19 January 2018
A new study says that teleconnections with certain phases of a recurring tropical rainfall pattern could extend predictions up to 20-25 days in advance. The authors’ findings provide guidance on which tropical conditions might lead to improved forecasts beyond our current capability – and more time to prepare for extreme events.
8 January 2018
New line of information could help predict the storms’ future strength
A new study has found that seemingly trivial vibrations in the earth's surface can actually encode the power of hurricanes moving over ocean waters. The findings may make it possible to estimate the strength of past hurricanes, to reveal long term changes in the severity and frequency of these storms, and help scientists understand potential future changes.
13 December 2017
In many parts of North America, a fluctuating air-pressure pattern that enhances or blocks the storm-steering jet stream, called the Arctic Oscillation (AO), explains more variability in the weather than a primary influencer called the El Niño-Southern Oscillation (ENSO). However, the AO’s prediction skill has been known to be limited, until now.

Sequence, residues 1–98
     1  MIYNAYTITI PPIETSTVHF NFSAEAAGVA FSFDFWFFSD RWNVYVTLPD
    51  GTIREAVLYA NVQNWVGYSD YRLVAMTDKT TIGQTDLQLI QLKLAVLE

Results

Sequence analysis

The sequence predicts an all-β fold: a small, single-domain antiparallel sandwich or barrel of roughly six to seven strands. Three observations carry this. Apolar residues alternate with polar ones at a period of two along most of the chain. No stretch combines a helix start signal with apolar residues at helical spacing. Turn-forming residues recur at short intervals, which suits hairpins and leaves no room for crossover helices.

13 November 2017
Some of the world’s most intense thunderstorms, associated with destructive impacts like high winds, large hail, and flash floods, occur in the tropical and subtropical regions, including parts of the southern U.S. However, scientists have been uncertain about how such storms will respond in the context of warming temperatures.
1 November 2017
NOAA’s Climate Program Office (CPO), a part of NOAA’s Office of Oceanic and Atmospheric Research (OAR), has awarded $38.8 million for 78 new projects* in FY 2017. The projects — ranging from advancing the understanding and prediction of drought to building resilience in coastal communities — will expand the breadth and scope of NOAA’s current climate research and offers opportunities for NOAA to collaborate with outside experts and new stakeholders.